A new super-version of the human protein albumin may enable drugs to last longer, so patients can get by with one dose a week rather than one per day. It also allows protein-based drugs to reach the blood stream crossing mucosal barriers, thus making it possible to replace needles with for instance a nasal spray.
A new super-version of the human protein albumin may enable drugs to last longer, so patients can get by with one dose a week rather than one per day. It also allows protein-based drugs to reach the blood stream crossing mucosal barriers, thus making it possible to replace needles with for instance a nasal spray.

New Norwegian biotechnology could pave the way for development of more efficient drugs

The now patented technology goes under the name “Super Albumin” and is based on the human protein albumin. 15 years of studying this substance may now yield concrete results.

Albumin is a protein made by your liver.

It’s a sort of super-protein, according to Professor Jan Terje Andersen.

“Albumin is an important carrier protein in the human body, a veritable molecular taxi”, he states in a press release from invent2, who handles patents and innovations for the University of Oslo and Oslo University Hospital.

Albumin transports hormones, metals, fatty acids and waste products from A to B in the body. But not only that:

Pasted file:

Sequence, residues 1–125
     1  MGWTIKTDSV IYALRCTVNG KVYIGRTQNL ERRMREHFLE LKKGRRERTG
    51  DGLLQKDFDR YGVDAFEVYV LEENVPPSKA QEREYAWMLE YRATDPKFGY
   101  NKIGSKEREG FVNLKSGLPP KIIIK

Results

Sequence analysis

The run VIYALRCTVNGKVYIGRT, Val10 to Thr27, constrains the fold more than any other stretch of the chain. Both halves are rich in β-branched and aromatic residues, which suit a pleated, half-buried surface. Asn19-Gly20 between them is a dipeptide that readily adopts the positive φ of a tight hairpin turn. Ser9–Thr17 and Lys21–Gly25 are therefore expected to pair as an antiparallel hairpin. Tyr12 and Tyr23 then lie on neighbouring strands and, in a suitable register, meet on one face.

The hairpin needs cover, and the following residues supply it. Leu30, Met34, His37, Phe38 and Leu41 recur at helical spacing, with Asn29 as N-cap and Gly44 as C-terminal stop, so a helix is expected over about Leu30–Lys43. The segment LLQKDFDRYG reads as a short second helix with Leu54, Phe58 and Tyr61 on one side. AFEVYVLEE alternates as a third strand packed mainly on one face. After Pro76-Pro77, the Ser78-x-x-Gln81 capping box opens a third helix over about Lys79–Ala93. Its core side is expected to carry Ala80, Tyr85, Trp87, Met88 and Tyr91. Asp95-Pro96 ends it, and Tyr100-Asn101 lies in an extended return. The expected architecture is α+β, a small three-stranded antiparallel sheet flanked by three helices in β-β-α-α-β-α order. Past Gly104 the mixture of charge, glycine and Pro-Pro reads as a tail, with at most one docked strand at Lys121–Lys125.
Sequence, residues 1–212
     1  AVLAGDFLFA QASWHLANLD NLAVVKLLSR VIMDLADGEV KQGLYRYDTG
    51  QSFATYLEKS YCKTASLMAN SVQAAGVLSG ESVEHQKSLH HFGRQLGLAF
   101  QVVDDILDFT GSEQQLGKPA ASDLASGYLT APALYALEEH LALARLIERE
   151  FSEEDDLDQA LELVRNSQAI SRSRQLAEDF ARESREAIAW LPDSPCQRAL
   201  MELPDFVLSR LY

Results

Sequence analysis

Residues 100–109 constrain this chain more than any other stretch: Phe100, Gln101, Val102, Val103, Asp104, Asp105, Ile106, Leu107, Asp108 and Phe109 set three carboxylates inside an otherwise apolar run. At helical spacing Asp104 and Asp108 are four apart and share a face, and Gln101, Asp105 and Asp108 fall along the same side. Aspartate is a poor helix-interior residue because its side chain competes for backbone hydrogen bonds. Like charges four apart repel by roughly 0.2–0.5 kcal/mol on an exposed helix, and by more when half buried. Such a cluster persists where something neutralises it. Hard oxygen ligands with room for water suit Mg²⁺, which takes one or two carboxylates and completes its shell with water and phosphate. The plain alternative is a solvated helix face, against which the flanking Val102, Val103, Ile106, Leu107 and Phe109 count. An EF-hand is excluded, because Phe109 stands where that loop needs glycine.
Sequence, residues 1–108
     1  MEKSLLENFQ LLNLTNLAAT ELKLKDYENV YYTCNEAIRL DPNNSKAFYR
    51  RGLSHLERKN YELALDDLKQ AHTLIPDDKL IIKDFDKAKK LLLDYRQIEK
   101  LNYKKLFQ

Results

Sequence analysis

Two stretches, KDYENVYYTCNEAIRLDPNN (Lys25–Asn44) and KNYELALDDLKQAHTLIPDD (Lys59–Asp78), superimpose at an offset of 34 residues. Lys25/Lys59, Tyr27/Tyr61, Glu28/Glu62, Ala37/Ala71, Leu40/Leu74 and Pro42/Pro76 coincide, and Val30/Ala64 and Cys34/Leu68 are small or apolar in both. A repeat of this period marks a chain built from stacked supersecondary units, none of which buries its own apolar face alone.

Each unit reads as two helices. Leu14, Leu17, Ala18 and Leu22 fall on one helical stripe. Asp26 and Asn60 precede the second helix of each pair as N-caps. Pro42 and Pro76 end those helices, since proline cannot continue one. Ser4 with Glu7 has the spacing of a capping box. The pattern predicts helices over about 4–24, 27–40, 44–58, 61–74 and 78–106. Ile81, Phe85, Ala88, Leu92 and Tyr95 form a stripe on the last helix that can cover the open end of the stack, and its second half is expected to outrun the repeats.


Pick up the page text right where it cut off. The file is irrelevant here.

“It stays in our blood stream for a very long time – for weeks in fact”, says Andersen to medical newspaper Dagens Medisin.

Professor Jan-Terje Andersen is one the University of Oslo-employees with the most innovations registered, according to a press release from the UiO patent- and innovation company Inven2.
Professor Jan-Terje Andersen is one the University of Oslo-employees with the most innovations registered, according to a press release from the UiO patent- and innovation company Inven2.

“We now understand how this is possible, and it is this knowledge that we have used to develop a new biomedical technology that we call Super Albumin”, he says.

Andersen is heading the Laboratory of Adaptive Immunity and Homeostasis at Oslo University Hospital and University of Oslo, and is a professor in biomedical innovation.

He is listed as a co-inventor of “Super Albumin” and will have the right to receive royalties should the technology become commercialized.

The findings on the super-protein were recently published in the journal Science Translational Medicine.

"What we have done is design a variant of albumin by making some very small changes. We've changed three of the 585 building blocks in natural albumin. And that's when magic happens", Andersen writes in an email to sciencenorway.no.

Longer lasting drugs

One of the things the researchers believe the technology could be used for is to enable protein-based drugs to last longer in the body – meaning that patients who today have to inject a drug perhaps daily might be able to get by on a weekly dose, or even less.

Hemophiliacs for instance, require protein based drugs that last for a very short period of time – a time that could be lengthened if combined with the new biomedical technology.

“In the published study, we show how a complex coagulation factor, which is used to treat serious hemophilia, can be combined with Super Albumin and thus achieve a much longer effect”, Andersen explains to Dagens Medisin.

Many protein-based drugs have ended up in the bin as their lasting effect is too short and patients would have to take large doses that may lead the drug to toxicity. Combining “Super Albumin” to some of these candidates could open up a whole new world for discarded drugs, Andersen believes.